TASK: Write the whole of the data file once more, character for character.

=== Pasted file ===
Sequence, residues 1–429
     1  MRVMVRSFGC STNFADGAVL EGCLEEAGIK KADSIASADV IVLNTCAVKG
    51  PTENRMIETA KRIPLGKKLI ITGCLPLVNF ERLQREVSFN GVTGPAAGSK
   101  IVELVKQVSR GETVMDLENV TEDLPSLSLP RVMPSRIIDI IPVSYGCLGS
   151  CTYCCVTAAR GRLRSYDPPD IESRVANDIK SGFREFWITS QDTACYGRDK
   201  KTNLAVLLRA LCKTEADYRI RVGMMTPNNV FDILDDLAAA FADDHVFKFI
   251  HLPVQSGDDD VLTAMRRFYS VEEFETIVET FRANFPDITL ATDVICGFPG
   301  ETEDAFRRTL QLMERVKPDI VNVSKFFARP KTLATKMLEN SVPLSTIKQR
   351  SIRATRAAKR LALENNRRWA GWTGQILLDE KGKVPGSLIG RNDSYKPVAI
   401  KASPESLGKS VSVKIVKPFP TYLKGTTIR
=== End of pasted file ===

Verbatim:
Sequence, residues 1–429
     1  MRVMVRSFGC STNFADGAVL EGCLEEAGIK KADSIASADV IVLNTCAVKG
    51  PTENRMIETA KRIPLGKKLI ITGCLPLVNF ERLQREVSFN GVTGPAAGSK
   101  IVELVKQVSR GETVMDLENV TEDLPSLSLP RVMPSRIIDI IPVSYGCLGS
   151  CTYCCVTAAR GRLRSYDPPD IESRVANDIK SGFREFWITS QDTACYGRDK
   201  KTNLAVLLRA LCKTEADYRI RVGMMTPNNV FDILDDLAAA FADDHVFKFI
   251  HLPVQSGDDD VLTAMRRFYS VEEFETIVET FRANFPDITL ATDVICGFPG
   301  ETEDAFRRTL QLMERVKPDI VNVSKFFARP KTLATKMLEN SVPLSTIKQR
   351  SIRATRAAKR LALENNRRWA GWTGQILLDE KGKVPGSLIG RNDSYKPVAI
   401  KASPESLGKS VSVKIVKPFP TYLKGTTIR